That’s Finland: here for a moment, just a thin coating of living slime on the scarred bedrock.

Soon the ice will return, and then there will be Finland no more. Just ice and rock. All mistakes, erased. All achievements, erased.

That’s perspective.

(Just a Lovecraftian thought to cheer you up, with this global warming and all.)

Ups and downs

December 16, 2007

I am feeling very lazy right now. Two days of crud to get through at the university — well, not really ‘crud’ as such, but saying it a bit stronger than it is makes me feel better. Then the winter holidays: Newton’s birthday (Dec 25) and all that.

Oh, and the memorial day of Santa’s burning on the cross on Dec 24 — or am I misquoting the true meaning of Christmas again?

Also, Dec 24 is the birthday of Tarja Halonen, the current president of Finland, as well! No wonder she went into politics; having only one present-opening day a year must have terribly twisted the poor child.

I finished the final Harry Potter book (Deathly Hallows) last night — well, actually more like this morning, 4:55 am or something like that — and it was good, despite the inevitable fact that the good guys won. For once, I’d like to read a book where darkness triumphs and evil conquers — not because I’m an evil creep myself, but just for variety. Ah well, at least there was slaughter, though I shudder at the thought of what of that will remain in the movie version.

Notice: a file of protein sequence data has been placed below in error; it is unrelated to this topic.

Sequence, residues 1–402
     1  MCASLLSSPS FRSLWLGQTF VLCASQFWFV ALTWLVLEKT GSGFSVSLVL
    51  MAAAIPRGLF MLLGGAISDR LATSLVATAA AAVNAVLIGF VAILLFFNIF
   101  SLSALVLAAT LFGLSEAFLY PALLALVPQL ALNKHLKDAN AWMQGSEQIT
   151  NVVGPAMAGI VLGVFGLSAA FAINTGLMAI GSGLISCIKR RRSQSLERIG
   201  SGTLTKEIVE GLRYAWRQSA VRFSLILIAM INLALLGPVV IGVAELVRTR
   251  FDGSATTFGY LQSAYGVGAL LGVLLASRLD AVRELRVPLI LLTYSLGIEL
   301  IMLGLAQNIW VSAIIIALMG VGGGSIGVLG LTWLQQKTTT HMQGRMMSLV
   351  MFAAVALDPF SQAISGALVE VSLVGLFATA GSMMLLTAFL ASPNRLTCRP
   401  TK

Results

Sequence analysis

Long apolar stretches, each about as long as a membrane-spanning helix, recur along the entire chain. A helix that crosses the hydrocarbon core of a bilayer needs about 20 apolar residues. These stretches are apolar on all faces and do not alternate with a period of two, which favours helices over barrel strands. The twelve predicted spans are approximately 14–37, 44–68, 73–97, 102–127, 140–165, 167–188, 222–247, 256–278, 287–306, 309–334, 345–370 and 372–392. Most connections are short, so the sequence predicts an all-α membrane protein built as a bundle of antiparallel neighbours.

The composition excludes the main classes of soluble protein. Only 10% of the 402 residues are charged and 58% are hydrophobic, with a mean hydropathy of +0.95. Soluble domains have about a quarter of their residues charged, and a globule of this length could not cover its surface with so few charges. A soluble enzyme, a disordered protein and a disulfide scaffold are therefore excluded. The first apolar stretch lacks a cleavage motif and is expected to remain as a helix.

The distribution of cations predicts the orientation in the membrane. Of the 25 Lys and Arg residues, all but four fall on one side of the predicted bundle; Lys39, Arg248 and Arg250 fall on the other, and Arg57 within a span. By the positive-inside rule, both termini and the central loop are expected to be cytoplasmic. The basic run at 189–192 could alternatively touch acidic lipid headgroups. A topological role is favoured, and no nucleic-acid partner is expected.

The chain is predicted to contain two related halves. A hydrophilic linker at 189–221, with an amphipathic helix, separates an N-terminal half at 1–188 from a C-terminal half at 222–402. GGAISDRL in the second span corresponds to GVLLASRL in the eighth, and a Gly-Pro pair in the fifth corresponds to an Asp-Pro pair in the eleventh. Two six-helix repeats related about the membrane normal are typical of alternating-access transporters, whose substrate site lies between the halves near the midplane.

From that, my thoughts turn to the Golden Compass movie, which indeed had been sanitized of all death the makers could sidestep. Overall I liked the movie and I wished I could have liked it more, but it was just too fast-paced: all the good and memorable parts of the book, and nothing else. It was barely under two hours, but it should have been three to feel a little less like a sugar-rush hallucination.

Ah, I’ll get over that disappointment just as soon as I’ll find where I’ve hidden my copy of Subtle Knife, the second out of three of the books in the series. (As an atheist, I am compelled by the Dark Mark to own a copy of a fellow atheist’s work.)

Oh, what else? Maybe just a loud “Aurë entuluva!” or “Day shall come again!”, as sure as astronomy is true. Cheer up and enjoy your holidays, be they holy or un-holy.